Before he performed “State Hospital” at the Granada in Lawrence on Friday night, Scott Hutchinson paused to take a dig at the name of his band, Frightened Rabbit, recalling a night in Denmark when a very blunt Dane told him the name was “stupid.”
Maybe. At least, the name hardly fits a band that is not the slightest bit shy or timid, lyrically or musically. “State Hospital” is an apt example of the band’s propulsive dynamics. It’s a majestic, melodic, guitar-centric anthem with florid lyrics that tell a dark tale: “Her heart beats like a breeze block thrown down the stairs / Her blood is thicker than concrete / Forced to be brave, she was born into a grave.”
The band from Selkirk, Scotland, is performing without its original drummer, Hutchinson’s brother, Grant, who has left the band temporarily for personal reasons. His absence didn’t noticeably diminish the band’s sound, a brash guitar attack that was embellished here and there with keyboards and other electronic garnish.
The set list included several songs from the “Painting of a Panic Attack,” the band’s fifth studio album, released in April. Song titles overtly express lyrical themes: “I Wish I Was Sober,” “Woke Up Hurting” and “Lump Street,” which includes the lines “The grunt and moan behind the night here / Though breath is warm, sex is cold.” The album takes the band in a new sonic direction, modifying the heavy guitar sound. Live, though, the new songs meshed well with the older material.
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If Frightened Rabbit has a breakthrough album, it was “The Midnight Organ Flight,” released in 2008. They played a few of its stellar tracks, including “The Modern Leper,” “Heads Roll Off,” a stately guitar anthem with a U2 vibe, and “Old Old Fashion,” a rousing, folk-rock tune that pines for waning traditions, like dancing to a song on the radio. As he introduced that song, Hutchinson took a jab at Mumford and Sons, a band Frightened Rabbit has been lazily compared to.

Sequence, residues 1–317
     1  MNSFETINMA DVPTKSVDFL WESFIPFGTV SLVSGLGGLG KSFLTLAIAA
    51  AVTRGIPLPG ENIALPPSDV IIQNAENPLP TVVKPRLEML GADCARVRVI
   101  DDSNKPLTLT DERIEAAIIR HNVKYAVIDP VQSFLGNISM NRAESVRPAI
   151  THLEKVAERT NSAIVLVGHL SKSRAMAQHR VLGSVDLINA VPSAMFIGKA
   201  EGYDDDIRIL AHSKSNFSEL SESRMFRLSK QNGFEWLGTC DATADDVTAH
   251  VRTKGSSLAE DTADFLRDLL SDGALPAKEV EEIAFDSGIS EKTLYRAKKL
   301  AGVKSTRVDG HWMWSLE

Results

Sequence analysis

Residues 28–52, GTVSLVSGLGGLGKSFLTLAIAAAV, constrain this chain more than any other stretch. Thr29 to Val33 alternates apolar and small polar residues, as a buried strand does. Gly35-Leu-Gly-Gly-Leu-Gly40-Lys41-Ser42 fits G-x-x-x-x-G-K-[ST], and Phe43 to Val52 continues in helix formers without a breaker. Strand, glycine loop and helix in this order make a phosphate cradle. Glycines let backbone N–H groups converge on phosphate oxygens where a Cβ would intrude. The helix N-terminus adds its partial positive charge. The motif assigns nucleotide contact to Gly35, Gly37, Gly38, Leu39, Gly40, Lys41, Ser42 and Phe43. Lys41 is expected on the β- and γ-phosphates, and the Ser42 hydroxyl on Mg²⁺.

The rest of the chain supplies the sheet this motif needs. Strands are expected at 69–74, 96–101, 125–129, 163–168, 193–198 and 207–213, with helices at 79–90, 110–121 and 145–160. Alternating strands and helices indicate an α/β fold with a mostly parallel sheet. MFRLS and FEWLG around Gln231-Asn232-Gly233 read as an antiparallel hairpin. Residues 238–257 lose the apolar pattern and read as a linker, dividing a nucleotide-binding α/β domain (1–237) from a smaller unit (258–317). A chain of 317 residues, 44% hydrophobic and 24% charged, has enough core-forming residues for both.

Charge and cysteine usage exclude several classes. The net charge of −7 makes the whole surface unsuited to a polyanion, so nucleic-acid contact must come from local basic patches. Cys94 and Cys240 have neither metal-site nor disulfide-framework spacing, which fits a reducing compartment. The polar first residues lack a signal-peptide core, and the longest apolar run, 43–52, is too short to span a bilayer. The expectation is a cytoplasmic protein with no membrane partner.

Other highlights: “Break,” a “Panic” track, and “Nothing Like You,” a keening rock song that rides a jackhammer guitar riff.
For the encore, Hutchinson played a couple of songs solo-acoustic, including “Poke,” a savage, gut-punch of a breakup song that had been requested earlier in the show from someone among the crowd of about 600. Unlike much of the band’s other material, “Poke” is a stripped-down acoustic folk song, an arrangement that lays bare its visceral lyrics: “Why won’t our love keel over as it chokes on a bone? / And we can mourn its passing and then bury it in snow.” Words like that signify a writer who fearlessly seeks the truth and evocative ways of expressing it, regardless of what he calls his band.